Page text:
August 26, 2016 for the CD. I would have bought the cassette version around the time of its original release.
What is the memory you most associate with this title?
My bus commute from home to the University of Hawaii. It usually took the length of the album to finish.
What was happening in your life when it was released?
I would have been taking summer classes at UH at the time. I actually deferred my entry to college from fall 1990 to winter 1991 because I was burned out by my senior year in high school. My mom also had gone through heart surgery, so she needed help to recuperate. The summer session of 1991 was my way to catch up.
What was happening in your life when you bought it?
I had bought Toni Childs’ debut album and liked it enough to get this second album, probably right when it was released in 1991. I didn’t like it enough to get it on CD till I spotted it at Lifelong Thrift Store, where I bought it for $0.10 during the monthly CD sale.
I wanted to go college on the Mainland like my friends, but my parents couldn’t afford it. I got over my disappointment fast enough when I started my music classes. I also started my first job that year, working at the circulation desk of the A/V center in the undergraduate library. In short, I was taking those first few steps into adulthood.
I would later discover how much in tuition my parents were paying — let’s say, significantly less than the years of Catholic private school leading up to it — and I’ve been thankful ever since for never acquiring student debt.
What do you think of it now?
It took me a few spins to warm up to House of Hope, but Union is definitely the better album.
The music on House of Hope takes a darker turn, and when I rediscovered the album in 2016, the contrast with Union struck me.
I even questioned how I had grown to like the album in the first place. However much I liked taking more responsibility for my life in 1991, it was under a cloud of heartbreak. One of those friends who went to the Mainland for college was the first person with whom I fell in love.
I’m sure I was in a more receptive state of mind for an album that dark.
Before 2002, I tried to be a cheerleader for everything I heard and liked. It was a philosophy I carried with me from 1992, when an editor at the Hunter College student newspaper told me it’s not cool to trash unknown artists. Why kick underdogs when they’re down?
That changed a decade later when I worked at Waterloo Records. During my shifts, I was subjected to music I would never willingly listen to and, in many cases, would never wish to hear again.
I come across as incredibly cranky in my 2005 review of Franz Ferdinand’s self-titled debut album. It’s because I stopped being a cheerleader. I no longer cared if you were an underdog — if you play music that raises my ire, I would not spare it from you.
Franz Ferdinand had initially raised that ire, but the album’s songs were too catchy to stay angry for long. At the same time, the acclaim showered on it rang hollow for me. It was good, certainly, but prize-winning?
My ambivalence shows in the review. I try hard to justify to myself why I ultimately liked the album, but I also resisted following the hive mind of critical thought at the time.
It’s little surprise the album would exit my collection in exchange for cash. I have, however, missed listening to “Michael”, and it was that sense of nostalgia that allowed me to welcome it back into the fold.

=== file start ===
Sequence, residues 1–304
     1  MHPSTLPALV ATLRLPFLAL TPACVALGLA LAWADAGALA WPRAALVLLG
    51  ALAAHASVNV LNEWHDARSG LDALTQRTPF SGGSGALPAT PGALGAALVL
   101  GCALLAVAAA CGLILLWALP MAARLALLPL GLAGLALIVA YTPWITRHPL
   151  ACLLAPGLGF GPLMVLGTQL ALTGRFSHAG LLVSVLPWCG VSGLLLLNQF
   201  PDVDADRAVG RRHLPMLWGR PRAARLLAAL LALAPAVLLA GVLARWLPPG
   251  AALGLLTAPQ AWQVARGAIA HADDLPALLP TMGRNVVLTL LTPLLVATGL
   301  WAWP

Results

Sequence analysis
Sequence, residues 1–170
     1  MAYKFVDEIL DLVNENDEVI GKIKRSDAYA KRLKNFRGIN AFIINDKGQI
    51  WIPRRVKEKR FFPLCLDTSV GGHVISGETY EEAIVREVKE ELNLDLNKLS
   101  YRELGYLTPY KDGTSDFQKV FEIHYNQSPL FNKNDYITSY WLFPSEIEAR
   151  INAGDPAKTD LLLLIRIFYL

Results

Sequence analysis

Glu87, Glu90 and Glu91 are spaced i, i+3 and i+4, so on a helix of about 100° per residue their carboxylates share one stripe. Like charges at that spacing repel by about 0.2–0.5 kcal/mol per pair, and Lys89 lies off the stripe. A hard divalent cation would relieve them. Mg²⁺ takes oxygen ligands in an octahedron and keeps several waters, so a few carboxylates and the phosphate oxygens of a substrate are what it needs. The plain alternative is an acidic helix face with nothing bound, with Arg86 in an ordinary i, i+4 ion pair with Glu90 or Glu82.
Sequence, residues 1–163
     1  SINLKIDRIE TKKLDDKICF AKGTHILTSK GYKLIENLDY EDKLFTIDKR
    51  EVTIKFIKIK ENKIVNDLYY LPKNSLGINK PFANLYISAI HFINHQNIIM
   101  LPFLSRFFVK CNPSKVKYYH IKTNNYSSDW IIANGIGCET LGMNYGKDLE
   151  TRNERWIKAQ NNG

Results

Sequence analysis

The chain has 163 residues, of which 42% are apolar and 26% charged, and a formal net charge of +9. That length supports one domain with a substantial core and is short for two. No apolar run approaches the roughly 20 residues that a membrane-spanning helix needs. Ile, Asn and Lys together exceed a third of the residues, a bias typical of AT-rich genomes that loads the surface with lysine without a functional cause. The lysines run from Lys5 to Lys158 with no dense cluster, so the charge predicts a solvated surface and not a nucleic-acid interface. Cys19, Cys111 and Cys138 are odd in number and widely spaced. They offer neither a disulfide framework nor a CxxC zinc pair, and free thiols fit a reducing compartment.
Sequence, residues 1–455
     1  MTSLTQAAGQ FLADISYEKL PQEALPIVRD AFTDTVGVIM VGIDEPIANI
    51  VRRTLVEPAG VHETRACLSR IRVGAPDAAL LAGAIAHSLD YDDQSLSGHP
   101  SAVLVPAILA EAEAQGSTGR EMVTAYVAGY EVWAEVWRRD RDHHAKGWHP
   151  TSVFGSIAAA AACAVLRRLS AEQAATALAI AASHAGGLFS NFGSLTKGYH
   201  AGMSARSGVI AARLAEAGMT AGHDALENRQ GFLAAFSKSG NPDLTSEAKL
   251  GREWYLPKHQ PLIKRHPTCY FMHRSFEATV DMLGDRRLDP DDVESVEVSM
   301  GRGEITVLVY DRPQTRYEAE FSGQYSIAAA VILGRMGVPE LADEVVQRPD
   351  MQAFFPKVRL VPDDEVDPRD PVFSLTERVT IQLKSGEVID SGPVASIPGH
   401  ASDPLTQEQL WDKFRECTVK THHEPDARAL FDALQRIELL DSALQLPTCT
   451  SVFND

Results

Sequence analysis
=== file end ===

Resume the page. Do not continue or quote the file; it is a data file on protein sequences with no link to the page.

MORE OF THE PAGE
Time hasn’t really softened my opinion of it, however. If anything, it makes my ambivalence even clearer. It’s a good album, and a generation of music fans will consider it a cultural flash point. I can’t count myself among that number.
Rewind takes a look at past Musicwhore.org reviews to see how they hold up today. The albums featured on Rewind were part of my collection, then sold for cash only to be reacquired later.
Kronos Quartet with Mahsa and Marjan Vadat, Placeless, March 22
This album is already available on streaming services, which means I’ve had a chance to listen to it. Unfortunately for Kronos and the Vadats, the new Solange album has also monopolized my attention.
Henryk Górecki, Symphony No. 3 (Beth Gibbons, Krzysztov Penderecki, Polish National Radio Symphony), March 29
I don’t know about this one. Portished has never been a band I could internalize, and while I like Górecki’s third symphony, its reputation has become a bit outsize. I’m wondering how Penderecki got roped into it.
Emerson String Quartet and Evgeny Kissin, The New York Concert, April 12
The works on this program are tamer than what I normally pursue, but I like both the Emerson and Kissin.
Björk, Vespertine: A Pop Album as an Opera (Nationaltheater Mannheim), April 12
I’m willing to give this one a chance, if only because Vespertine is one of the few Björk albums I no longer own. I couldn’t get into it when it came out, so I welcome a chance to hear it in another context.
Jack Ingram, Ridin’ High … Again, April 26
I’ve been wondering what’s up with Jack Ingram. I stopped following him when he decided to make friends with country radio, but he left that behind at the end of his Big Machine contract. His 2016 album, Midnight Motel, is breezy and off-the-cuff, so I’m curious to hear what’s next.
NUMBER GIRL, OMOIDE IN MY HEAD 1 ~BEST & B-SIDES~, May 1
More time has passed since NUMBER GIRL’s break-up than the band was ever together, and a large portion of the band’s discography is out of print. So on the heels of their reunion tour, this collection of singles and b-sides gets reissued for a generation who missed out the first time.